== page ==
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  • Articles: Mistakes That Applicants for Fiancée and Spousal Visas Make by Marc Ellis

    Mistakes That Applicants for Fiancée and Spousal Visas Make

    by Marc Ellis

    In 17 years of practicing immigration law, I see people make the same mistakes over and over again. These mistakes cause a large number of visa refusals all over the world.

    For simplicity, I have grouped these mistakes into four different categories and given each one an easy-to-remember name.

    Where’s the Ex?

    Who’s your Daddy?

    Who’s been sleeping in my house?  

    What have you done for me lately?

    1. Where’s the Ex?

    If a petitioner or a visa applicant has been divorced previously, they will probably be asked about it. So it is helpful to know the name, address and phone number of each ex-spouse. The consulate performs a background check on the US petitioner and very likely, the name of the ex-husband or ex-wife will show up in that background check.

    The consulate can ask the beneficiary about that. How will he or she answer the question at the consular interview? In my experience, saying “I don’t know anything about that,” does not help get the visa.

    The burden is on the petitioner here. I have always thought it is best to walk on the side of full disclosure. A petitioner needs to be prepared to answer questions about his or her marital history. Not only that, the disclosure should be made as early in the process as possible. It should not wait until the day of the consular interview.

    Vietnamese culture lends a wrinkle to “Where’s the Ex?” situations. In the past, it was culturally accepted to have a dam cuoi and never formalize the marriage with the provincial authorities. That happens less today, but it still happens.

    Thus in Vietnam, a couple could be viewed as married, yet still be single according to the civil authorities. “Where’s the ex?” applies to these cases too, especially in cases where the couple has had children. US Citizen petitioners need to consider that.

    That leads me to the next category:

    2. Who’s Your Daddy?

    The consulate does research to see if there is a familial relation between a petitioner and a beneficiary.  Are they first cousins for example? Vietnamese law does not sanction the marriage of first cousins. The consulate may ask questions about the family tree of the couple.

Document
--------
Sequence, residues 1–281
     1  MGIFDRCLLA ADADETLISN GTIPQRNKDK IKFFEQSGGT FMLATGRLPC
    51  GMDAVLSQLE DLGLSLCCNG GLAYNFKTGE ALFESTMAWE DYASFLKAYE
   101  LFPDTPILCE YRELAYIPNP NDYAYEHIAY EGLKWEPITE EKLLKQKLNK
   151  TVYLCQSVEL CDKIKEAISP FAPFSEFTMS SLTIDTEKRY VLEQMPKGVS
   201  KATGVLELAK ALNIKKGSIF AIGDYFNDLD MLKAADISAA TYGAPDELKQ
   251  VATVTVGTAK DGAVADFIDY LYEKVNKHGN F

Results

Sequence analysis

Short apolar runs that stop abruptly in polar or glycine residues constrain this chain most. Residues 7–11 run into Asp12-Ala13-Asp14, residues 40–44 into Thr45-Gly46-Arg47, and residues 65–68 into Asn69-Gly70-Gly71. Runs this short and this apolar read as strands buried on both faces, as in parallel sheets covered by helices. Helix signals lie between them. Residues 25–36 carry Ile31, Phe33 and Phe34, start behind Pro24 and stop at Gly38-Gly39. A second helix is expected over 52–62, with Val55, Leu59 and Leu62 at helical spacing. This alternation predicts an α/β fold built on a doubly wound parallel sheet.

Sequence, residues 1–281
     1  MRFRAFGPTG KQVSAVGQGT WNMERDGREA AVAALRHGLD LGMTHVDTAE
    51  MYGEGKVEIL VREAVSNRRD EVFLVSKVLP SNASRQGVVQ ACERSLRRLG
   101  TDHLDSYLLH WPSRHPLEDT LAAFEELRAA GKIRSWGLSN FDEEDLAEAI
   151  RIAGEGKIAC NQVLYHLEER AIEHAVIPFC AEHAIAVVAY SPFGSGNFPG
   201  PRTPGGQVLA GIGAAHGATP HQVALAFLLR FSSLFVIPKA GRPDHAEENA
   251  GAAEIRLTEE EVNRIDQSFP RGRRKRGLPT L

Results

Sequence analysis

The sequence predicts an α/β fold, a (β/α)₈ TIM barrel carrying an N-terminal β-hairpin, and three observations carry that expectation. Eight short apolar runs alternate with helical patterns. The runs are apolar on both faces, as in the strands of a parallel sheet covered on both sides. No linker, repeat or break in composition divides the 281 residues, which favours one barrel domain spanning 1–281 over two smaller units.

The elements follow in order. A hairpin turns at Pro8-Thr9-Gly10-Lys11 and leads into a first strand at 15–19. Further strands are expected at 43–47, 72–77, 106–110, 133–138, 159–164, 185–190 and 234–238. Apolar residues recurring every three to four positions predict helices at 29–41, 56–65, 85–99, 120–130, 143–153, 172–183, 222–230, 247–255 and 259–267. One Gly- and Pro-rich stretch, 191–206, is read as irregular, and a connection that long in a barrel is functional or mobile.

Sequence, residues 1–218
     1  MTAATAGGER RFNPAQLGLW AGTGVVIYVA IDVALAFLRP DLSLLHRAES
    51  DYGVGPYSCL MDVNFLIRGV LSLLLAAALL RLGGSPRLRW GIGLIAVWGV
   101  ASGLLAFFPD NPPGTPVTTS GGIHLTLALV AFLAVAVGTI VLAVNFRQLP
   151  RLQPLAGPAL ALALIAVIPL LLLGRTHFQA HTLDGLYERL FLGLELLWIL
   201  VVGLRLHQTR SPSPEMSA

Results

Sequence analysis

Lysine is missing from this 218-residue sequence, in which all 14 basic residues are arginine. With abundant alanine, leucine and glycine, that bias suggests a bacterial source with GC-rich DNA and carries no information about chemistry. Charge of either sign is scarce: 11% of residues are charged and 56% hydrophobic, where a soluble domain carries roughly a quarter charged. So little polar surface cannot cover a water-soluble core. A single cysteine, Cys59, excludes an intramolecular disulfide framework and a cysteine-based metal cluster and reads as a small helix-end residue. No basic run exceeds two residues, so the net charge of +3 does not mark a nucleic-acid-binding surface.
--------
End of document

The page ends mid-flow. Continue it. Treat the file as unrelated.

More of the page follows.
Another time this line of inquiry becomes important is with children. If a female beneficiary has a child who is claimed to be petitioner’s, the consulate may request evidence of that relationship. It has a right to do that, because part of the consulate’s job is to determine presumptive US citizens. This line of inquiry could also disqualify a child from being a US citizen, if it turns out that he or she is not petitioner’s child after all.

    A denial letter sample

    3. Who’s Been Sleeping My House?

    When a background check is performed on a US Citizen petitioner, it includes his or her residential and credit history. I have seen cases where the consulate mistakenly concludes the petitioner has a US girlfriend, when the background check comes back with an unrelated person of the opposite sex living in the same home.

    I won an appeal with the Board of Immigration Appeals recently for a petitioner was still living in the same home as his ex-wife. A consulate (not in Vietnam) saw that living arrangement in a background check.  We were able to persuade the Board despite their living arrangements, they had been divorced for over a decade and there were no other entanglements to indicate they were still husband and wife. But US citizen petitioners need to remember – the consulate probably knows who’s been sleeping in your house. The beneficiary needs to be prepared for that.

    4. What Have You Done for Me Lately?

    This ground is easy to understand. Consulates are suspicious of marriages or engagements, where there is very little contact between petitioner and beneficiary. US citizens preparing to marry Vietnamese need to understand that it is not something you can do cheaply. They need to make a commitment to make regular visits to the beneficiary and where visiting is not possible, to supplement it with daily contact via electronic communications like email, chat or internet telephony.

    Someone might correctly point out that these requirement are not to be found anywhere in US immigration law. That is correct. But Department of State and its consulates are not a legal culture. They’re encouraged to find adverse facts that USCIS did not know at the time it approved the petition. In my experience practicing law, most of those adverse facts arise from one of these four categories.

    This is not an easy or a safe process. It’s grueling. Couples need to be prepared.


    About The Author

    Marc Ellis has practiced immigration law for seventeen years. He’s from Louisiana/Texas and graduated from the University of Alabama Law School. He’s a member of the Louisiana State Bar and American Immigration Lawyers Association and is a licensed foreign legal representative in Vietnam. He has written many articles on immigration law and practices in front of many consulates around the world. He and his wife live in Ho Chi Minh City. He can be reached at chuyenvisamy.com or at 0908358009


    The opinions expressed in this article do not necessarily reflect the opinion of ILW.COM.
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